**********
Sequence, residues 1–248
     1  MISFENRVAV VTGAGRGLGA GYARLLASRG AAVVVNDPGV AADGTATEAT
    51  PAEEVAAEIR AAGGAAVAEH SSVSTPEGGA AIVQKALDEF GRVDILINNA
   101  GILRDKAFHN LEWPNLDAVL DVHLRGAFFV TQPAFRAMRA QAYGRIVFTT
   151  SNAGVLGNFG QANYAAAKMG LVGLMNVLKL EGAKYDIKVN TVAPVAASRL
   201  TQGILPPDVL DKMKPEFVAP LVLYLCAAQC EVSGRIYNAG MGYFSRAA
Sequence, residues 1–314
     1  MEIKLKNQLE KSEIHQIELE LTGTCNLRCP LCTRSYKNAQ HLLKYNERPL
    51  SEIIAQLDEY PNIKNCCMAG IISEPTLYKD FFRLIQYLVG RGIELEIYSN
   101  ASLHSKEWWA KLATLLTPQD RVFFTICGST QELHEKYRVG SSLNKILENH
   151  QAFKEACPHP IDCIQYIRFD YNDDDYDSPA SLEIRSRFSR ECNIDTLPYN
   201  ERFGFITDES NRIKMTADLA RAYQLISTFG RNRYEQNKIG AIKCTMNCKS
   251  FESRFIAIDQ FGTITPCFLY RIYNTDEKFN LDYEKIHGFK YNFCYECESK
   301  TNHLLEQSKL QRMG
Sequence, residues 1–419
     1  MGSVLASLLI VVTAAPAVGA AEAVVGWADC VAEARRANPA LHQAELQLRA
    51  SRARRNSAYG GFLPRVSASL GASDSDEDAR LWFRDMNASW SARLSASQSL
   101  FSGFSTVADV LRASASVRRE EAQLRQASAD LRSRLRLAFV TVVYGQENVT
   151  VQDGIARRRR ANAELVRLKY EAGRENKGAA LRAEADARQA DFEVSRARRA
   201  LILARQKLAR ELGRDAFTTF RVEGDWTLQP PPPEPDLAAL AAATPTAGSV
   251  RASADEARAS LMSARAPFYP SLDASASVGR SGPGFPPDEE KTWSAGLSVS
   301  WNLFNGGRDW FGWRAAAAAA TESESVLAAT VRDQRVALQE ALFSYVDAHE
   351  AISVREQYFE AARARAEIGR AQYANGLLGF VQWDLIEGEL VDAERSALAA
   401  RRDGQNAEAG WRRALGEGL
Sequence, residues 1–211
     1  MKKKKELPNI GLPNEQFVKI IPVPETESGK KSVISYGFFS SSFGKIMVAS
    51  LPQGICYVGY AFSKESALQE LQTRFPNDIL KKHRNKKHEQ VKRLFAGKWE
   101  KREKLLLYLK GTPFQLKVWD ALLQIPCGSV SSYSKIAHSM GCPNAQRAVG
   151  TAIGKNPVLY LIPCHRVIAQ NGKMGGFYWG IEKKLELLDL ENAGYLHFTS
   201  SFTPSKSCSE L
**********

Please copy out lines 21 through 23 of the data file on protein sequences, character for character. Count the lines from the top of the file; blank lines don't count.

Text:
   251  RASADEARAS LMSARAPFYP SLDASASVGR SGPGFPPDEE KTWSAGLSVS
   301  WNLFNGGRDW FGWRAAAAAA TESESVLAAT VRDQRVALQE ALFSYVDAHE
   351  AISVREQYFE AARARAEIGR AQYANGLLGF VQWDLIEGEL VDAERSALAA